Like Edward Abbey, John Nichols
has become identified with
the Southwest and with a style of writing at once highly polemical and
eminently readable. His classic novel, The Milagro Beanfield War,
brought the complex and highly charged social relations of New Mexico
the attention of the world; yet, like Barbara
Kingsolver and Denise Chavez, even his
passionate political works are filled with generous doses of humor and
compassion. John Nichols has grown from an irrepressible prep-school
graduate to a Southwestern legend and a symbol for Hispanic-Anglo
Nichols brings his readers face-to-face with the more
unpleasant aspects of rapid development in a largely rural region.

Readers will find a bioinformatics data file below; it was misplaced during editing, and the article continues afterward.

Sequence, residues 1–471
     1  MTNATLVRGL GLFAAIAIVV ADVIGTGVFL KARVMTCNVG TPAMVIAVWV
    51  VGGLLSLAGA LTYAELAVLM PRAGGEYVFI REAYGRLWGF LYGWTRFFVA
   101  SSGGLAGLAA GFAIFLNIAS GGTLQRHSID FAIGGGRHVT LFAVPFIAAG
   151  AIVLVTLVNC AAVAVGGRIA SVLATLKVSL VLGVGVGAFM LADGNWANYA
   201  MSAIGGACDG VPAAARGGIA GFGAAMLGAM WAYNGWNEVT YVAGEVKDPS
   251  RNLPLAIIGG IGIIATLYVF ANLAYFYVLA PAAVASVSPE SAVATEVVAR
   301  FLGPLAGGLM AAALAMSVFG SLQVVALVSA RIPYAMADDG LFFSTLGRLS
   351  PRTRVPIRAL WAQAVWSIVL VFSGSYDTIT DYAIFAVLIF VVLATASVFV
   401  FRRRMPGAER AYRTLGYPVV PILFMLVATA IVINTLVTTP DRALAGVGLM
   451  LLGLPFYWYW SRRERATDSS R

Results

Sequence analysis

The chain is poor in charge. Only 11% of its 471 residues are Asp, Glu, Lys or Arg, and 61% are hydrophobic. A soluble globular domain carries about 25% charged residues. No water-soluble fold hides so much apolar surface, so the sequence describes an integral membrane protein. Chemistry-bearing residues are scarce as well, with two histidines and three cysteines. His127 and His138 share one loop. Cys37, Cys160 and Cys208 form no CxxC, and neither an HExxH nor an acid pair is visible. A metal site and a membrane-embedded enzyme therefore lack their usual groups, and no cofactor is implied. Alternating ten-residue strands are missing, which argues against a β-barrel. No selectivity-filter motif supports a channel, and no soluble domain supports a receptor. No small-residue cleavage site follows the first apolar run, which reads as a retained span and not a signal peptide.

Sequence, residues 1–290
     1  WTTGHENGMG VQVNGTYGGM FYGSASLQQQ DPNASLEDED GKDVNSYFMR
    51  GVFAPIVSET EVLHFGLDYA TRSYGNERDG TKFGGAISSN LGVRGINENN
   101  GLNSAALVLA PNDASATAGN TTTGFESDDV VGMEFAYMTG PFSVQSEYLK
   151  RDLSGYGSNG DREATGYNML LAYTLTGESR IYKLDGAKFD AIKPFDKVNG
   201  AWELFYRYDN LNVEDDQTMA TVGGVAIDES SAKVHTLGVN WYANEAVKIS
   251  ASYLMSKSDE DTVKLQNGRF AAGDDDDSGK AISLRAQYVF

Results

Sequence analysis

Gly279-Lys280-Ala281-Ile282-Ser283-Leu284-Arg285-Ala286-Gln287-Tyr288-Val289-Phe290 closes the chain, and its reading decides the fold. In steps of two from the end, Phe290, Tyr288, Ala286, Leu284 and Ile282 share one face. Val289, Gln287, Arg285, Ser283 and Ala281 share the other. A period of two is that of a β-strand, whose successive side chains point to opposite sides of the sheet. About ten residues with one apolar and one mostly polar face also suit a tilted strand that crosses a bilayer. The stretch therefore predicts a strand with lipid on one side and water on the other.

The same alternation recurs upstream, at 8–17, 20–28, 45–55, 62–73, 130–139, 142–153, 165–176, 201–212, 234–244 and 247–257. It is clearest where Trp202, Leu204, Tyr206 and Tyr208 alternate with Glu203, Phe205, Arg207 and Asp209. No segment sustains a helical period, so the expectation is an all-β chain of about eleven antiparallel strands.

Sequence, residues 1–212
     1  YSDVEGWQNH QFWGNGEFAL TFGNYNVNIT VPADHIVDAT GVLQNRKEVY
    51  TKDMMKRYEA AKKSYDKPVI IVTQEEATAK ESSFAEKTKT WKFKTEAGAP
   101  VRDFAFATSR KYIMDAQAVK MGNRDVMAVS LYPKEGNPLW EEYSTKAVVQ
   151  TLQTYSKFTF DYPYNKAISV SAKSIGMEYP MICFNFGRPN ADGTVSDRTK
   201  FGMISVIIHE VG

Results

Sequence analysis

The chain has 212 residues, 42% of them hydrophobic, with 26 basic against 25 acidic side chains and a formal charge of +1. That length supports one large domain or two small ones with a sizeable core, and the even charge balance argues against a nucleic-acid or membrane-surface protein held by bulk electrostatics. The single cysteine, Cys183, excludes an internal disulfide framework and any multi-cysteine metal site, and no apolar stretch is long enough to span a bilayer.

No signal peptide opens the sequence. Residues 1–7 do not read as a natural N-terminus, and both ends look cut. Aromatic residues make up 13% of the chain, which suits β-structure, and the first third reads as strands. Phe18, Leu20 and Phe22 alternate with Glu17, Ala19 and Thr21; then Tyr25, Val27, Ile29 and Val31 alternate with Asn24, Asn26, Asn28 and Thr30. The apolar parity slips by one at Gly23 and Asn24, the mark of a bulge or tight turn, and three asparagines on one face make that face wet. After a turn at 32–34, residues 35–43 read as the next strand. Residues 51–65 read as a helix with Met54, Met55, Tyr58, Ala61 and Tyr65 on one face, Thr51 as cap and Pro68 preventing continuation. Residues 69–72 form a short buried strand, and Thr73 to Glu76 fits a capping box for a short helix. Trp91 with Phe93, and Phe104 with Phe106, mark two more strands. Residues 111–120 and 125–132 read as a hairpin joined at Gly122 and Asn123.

Nichols has been called a modern-day Steinbeck, and, like Terry McMillan and Arizona writer Alberto
his characters inhabit the racial, cultural, and class borderlands that
divide and define the American Southwest.
believed, if you're involved even in a very small struggle--in some
of infinity in a grain of sand--in your local neighborhood, that every
action has universal implications. I believe that if I struggle for the
rights of an acequia in Taos, New Mexico, that the ripple effect [will
spread] from that tiny struggle."
hear an excerpt on John Nichols from Writing
Listen to the half-hour documentary on John Nichols by David Dunaway below: